Posted Aug. 21, 2008 – If the adage that sparing the rod spoils the child, Black schoolchildren are a lot less spoiled than their White counterparts.
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A new study shows that of the more than 200,000 children who got spanked at school last year, Black and Native American and kids with disabilities got more than their fair share.
ACLU and Human Rights Watch found that children ranging in age from 3 to 19 years old are routinely physically punished for minor infractions such as chewing gum, talking back to a teacher or violating the dress code, as well as for more serious transgressions such as fighting. Citing Education Department data, the groups found that there is a racial – and regional – component to who gets a whupping at school.
Black pupils are more than twice as likely to be paddled – and that’s even in places where Black folks are the majority population, the study found. Native Americans were also more than twice as likely to be paddled as White kids, according to the 125-page report, "A Violent Education: Corporal Punishment of Children in US Public Schools."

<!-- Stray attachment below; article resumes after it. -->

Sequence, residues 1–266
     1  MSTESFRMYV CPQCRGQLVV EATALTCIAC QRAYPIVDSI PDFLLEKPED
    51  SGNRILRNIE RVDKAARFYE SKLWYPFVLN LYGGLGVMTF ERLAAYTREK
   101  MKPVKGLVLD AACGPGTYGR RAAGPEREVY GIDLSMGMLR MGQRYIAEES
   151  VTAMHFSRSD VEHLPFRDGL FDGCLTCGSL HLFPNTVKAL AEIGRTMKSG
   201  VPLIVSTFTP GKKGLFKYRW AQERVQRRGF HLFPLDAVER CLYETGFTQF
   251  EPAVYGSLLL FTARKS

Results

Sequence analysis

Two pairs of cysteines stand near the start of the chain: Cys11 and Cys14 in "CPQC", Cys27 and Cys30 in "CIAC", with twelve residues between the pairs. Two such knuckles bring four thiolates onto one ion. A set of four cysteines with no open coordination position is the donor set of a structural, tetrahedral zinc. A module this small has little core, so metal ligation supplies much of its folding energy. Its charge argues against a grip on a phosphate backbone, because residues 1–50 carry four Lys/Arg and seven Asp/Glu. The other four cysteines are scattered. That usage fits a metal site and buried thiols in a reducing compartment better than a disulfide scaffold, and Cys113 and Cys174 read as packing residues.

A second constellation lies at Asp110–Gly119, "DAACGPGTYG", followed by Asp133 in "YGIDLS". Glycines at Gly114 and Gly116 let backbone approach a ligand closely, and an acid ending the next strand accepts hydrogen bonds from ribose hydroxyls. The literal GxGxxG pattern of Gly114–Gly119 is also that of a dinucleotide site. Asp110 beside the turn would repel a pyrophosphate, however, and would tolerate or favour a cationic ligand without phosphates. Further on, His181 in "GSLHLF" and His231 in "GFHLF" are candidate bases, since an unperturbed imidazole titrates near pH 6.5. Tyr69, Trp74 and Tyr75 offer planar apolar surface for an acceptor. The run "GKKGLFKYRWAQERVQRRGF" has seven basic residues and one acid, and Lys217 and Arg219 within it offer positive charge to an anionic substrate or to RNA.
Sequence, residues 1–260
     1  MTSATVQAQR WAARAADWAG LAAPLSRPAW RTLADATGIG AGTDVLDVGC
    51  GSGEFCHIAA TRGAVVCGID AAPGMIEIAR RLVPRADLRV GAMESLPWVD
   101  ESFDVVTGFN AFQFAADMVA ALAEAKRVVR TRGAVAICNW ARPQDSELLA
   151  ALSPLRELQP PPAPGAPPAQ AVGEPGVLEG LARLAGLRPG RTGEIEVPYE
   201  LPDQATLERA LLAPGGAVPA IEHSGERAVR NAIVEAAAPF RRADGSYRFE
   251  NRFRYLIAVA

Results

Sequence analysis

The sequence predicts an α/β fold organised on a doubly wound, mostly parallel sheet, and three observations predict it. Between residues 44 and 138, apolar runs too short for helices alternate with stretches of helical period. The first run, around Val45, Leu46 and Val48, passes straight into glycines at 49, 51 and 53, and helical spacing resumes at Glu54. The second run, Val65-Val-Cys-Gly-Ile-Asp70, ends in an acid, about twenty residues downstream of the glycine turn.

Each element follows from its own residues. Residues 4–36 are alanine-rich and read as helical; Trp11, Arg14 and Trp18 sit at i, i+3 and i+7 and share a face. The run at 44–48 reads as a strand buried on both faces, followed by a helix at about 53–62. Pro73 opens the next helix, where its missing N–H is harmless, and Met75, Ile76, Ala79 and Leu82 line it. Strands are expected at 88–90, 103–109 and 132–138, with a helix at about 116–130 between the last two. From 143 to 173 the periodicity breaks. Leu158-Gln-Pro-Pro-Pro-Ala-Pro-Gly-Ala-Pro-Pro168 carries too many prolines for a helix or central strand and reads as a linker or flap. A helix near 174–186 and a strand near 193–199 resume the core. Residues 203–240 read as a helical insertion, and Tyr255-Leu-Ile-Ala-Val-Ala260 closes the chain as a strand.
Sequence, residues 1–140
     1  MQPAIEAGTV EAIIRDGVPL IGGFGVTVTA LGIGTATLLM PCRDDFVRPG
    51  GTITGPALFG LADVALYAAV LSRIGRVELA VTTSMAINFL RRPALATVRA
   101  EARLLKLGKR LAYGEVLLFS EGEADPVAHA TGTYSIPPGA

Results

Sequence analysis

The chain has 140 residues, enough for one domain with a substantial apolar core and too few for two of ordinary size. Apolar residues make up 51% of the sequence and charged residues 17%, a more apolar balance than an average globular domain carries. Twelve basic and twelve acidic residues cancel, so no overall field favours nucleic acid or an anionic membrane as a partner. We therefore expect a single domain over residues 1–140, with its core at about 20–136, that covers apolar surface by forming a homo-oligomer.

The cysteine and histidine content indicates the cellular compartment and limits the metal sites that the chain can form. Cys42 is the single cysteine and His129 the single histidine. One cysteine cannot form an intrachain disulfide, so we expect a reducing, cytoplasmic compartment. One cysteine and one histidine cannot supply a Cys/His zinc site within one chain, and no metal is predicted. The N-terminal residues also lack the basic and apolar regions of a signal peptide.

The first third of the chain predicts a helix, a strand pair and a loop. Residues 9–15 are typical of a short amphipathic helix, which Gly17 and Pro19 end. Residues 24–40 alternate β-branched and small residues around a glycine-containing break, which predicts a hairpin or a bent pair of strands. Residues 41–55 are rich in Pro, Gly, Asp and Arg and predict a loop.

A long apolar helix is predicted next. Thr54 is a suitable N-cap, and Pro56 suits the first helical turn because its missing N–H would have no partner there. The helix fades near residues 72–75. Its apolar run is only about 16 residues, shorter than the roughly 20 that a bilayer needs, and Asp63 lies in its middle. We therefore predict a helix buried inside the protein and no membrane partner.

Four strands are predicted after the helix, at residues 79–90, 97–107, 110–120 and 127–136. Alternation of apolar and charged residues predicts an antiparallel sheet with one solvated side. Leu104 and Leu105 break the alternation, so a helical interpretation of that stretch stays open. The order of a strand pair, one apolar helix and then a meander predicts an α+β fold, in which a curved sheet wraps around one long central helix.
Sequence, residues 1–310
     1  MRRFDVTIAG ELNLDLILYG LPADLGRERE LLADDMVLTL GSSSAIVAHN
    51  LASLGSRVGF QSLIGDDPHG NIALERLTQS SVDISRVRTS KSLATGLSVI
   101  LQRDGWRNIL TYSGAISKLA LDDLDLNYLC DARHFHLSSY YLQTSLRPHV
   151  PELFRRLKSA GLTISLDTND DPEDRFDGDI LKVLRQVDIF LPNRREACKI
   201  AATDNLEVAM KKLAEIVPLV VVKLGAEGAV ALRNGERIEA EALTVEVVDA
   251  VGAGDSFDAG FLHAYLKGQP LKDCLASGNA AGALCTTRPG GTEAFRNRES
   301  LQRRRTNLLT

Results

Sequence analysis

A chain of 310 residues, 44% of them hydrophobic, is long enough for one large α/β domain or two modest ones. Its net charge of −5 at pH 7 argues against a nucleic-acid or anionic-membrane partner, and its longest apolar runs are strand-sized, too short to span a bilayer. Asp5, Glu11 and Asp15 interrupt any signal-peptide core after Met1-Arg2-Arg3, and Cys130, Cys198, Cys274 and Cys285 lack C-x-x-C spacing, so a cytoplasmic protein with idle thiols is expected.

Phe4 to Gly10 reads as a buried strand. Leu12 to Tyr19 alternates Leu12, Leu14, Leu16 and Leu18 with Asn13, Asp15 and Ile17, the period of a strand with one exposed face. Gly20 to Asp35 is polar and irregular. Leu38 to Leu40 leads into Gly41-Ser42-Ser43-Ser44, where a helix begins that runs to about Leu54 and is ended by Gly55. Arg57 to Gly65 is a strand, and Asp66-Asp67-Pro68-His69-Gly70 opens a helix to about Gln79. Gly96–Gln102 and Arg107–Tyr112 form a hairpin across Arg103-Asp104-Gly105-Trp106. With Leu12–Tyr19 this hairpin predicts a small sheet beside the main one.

In addition, Black girls were paddled more than twice as often as White girls; boys are three times as likely to be paddled as girls; special education kids got more wood than other children.
Corporal punishment, legal in 21 states, typically takes the form of "paddling," during which an administrator or teacher hits a child repeatedly on the buttocks with a long wooden board. The report shows that, as a result of paddling, many children are left injured, degraded, and disengaged from school.
The groups are calling for an end to corporal punishment in schools.
"Every public school needs effective methods of discipline, but beating kids teaches violence and it doesn't stop bad behavior," said Alice Farmer, Aryeh Neier Fellow at Human Rights Watch and the ACLU, and author of the report. "Corporal punishment discourages learning, fails to deter future misbehavior and at times even provokes it."
And while most states have banned in-school spankings outright, there are still a good many paddlings going on in Dixie . After Texas and Mississippi, Alabama, Arkansas, Georgia, Tennessee, Oklahoma, Louisiana, Florida and Missouri are making sure they’re not spoiling any children.